Assessment

In common with general design education practice, the main assessment of design progress is by means of project-work (some of it group project-work), sometimes complemented by a relatively short written report. Assessment will take into account:
  • the extent to which a student has contributed original ideas to the projects
  • the creative ability displayed
  • the depth and breadth of coursework understanding revealed
  • the extent to which the intention of the project has been revealed
  • skills in visual, written and verbal communication of the project ideas
Criteria for the assessment of group work vary, and will sometimes be based on the overall product of a group, sometimes more on individual contribution. Assessment of project work, in particular, may require students to engage with techniques of self assessment and peer assessment. Criteria for assessment are further elaborated in each course description and in the marking scheme. In all cases the limitations and potential of the available resources will be taken into account. The importance of written reports is not to be minimised. There will also be longer assessed essays in certain courses. In this programme, there are no traditional written examination sessions. Note that, in accordance with Appendix 1 of the Code of Practice for Taught Postgraduate Programmes, any form of plagiarism will be treated as a very serious disciplinary issue. See also the University regulations at http://www.ed.ac.uk/schools-departments/academic-services/policies-regulations/regulations/assessment, and on plagiarism the useful student guidance offered via the links on the page at http://www.ed.ac.uk/academic-services/students/conduct/academic-misconduct/plagiarism. All submissions will be given a mark which remains provisional until ratified by the Board of Examiners, which meets once for each semester of work (three times). The Board of Examiners includes an External Examiner, whose role is to assure standards of assessment and to provide a further source of advice on the Programme. Students are also usually invited to an informal meeting with the External Examiner in May/June. **Students must NOT make direct contact with the External Examiner.** Project work may usually ONLY contain visual, sonic and interactive resources that are developed within the class, by you or your colleagues during this year. WE hope to avoid using commercial or public sound libraries wherever possible. This is in order to:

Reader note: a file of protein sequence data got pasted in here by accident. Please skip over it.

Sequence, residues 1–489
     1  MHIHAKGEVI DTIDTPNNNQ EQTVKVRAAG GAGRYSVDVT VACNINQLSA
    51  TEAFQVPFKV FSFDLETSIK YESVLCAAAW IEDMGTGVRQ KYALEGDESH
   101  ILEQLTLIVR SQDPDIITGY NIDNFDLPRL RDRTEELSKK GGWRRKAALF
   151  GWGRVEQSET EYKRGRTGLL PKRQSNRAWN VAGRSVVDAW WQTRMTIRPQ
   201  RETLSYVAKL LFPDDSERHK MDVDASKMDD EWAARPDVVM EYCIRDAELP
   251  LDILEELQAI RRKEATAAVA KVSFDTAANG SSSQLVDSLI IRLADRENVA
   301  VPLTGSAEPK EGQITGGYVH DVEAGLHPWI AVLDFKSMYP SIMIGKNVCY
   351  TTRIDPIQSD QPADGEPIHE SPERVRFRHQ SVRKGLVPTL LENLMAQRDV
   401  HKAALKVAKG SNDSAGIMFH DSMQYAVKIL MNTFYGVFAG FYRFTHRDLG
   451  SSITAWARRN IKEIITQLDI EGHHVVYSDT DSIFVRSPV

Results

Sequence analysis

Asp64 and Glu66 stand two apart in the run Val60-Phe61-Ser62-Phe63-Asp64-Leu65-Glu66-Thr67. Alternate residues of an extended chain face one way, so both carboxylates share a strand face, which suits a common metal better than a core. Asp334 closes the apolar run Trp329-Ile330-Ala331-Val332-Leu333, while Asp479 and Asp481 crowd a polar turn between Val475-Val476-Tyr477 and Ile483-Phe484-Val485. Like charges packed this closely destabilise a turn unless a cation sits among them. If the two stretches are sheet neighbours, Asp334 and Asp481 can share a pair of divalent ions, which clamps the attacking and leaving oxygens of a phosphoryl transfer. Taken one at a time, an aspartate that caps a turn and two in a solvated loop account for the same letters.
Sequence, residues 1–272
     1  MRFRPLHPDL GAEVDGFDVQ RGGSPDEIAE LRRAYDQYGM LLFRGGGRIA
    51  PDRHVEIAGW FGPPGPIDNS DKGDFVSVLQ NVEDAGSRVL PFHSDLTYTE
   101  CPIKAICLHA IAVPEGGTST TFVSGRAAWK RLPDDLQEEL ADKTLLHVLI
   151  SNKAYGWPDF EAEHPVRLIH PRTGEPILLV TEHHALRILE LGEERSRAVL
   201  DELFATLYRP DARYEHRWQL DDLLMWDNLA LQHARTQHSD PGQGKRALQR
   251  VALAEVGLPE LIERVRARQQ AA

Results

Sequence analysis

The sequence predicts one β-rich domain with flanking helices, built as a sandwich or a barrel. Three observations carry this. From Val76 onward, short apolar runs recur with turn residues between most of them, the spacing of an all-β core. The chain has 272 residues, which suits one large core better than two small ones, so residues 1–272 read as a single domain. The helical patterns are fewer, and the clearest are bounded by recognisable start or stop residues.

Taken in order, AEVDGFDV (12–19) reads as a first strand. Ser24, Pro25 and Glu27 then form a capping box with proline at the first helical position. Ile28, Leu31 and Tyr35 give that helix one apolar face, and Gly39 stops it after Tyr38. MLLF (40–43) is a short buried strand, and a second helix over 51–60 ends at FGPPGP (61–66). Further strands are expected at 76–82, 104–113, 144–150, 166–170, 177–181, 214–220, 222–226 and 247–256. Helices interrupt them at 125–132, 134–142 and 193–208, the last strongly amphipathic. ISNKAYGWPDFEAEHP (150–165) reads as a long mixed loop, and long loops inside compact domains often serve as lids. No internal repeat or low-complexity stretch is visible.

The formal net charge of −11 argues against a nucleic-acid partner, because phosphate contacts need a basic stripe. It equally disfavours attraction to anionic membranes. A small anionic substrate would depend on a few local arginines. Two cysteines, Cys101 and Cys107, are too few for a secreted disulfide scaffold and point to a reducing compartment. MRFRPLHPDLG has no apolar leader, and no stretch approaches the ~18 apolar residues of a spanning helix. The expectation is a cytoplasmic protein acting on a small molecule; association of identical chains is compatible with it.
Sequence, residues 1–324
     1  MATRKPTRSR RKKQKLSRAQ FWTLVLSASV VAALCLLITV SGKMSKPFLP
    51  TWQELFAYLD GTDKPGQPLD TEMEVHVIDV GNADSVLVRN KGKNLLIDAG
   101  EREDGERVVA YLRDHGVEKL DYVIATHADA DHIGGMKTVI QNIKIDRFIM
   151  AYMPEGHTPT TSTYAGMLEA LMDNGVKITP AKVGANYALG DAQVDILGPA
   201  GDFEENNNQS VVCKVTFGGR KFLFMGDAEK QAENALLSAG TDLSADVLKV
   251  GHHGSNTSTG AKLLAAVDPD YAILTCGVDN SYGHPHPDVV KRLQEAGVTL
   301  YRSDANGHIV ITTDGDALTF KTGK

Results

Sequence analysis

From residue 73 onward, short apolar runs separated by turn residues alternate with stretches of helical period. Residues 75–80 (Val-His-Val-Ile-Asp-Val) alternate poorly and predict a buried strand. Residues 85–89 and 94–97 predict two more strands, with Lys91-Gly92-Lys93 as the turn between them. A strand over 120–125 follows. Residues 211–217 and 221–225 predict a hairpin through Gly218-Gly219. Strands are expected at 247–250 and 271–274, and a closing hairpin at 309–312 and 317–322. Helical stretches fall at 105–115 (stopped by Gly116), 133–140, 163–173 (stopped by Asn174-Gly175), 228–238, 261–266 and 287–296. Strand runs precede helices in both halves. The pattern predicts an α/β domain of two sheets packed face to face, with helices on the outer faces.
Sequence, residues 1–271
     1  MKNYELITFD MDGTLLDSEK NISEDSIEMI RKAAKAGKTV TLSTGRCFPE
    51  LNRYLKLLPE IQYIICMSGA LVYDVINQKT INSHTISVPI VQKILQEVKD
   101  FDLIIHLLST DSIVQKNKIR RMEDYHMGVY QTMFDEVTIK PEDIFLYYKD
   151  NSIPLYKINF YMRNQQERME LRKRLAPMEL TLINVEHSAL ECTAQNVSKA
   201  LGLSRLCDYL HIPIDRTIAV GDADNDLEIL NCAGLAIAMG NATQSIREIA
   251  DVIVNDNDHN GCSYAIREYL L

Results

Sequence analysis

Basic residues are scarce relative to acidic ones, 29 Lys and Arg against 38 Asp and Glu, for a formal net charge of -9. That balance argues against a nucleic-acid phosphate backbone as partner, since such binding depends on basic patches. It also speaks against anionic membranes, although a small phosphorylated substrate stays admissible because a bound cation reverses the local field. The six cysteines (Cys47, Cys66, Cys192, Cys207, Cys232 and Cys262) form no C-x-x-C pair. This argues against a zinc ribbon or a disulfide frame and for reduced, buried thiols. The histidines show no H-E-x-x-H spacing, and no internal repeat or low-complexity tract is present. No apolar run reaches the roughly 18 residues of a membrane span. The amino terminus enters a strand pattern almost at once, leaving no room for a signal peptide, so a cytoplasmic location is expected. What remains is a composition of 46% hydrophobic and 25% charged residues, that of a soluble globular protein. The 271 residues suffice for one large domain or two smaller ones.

1. help you develop skills in using resources creatively, responsibly and with appropriate acknowledgement
  2. enable you to publish material on the Internet without the risk of violating copyright. So you may not ordinarily use or adapt external copyrighted resources, such as photographs, smileys, icons, video or sound or music clips, animated gifs, CD tracks, mp3 clips, etc.
  3. remind you that we can only give credit for work you've produced yourself and during the period of study. We can commend strategic and sensible use of 3rd party material when nothing else is poissible, but this is discouraged generally.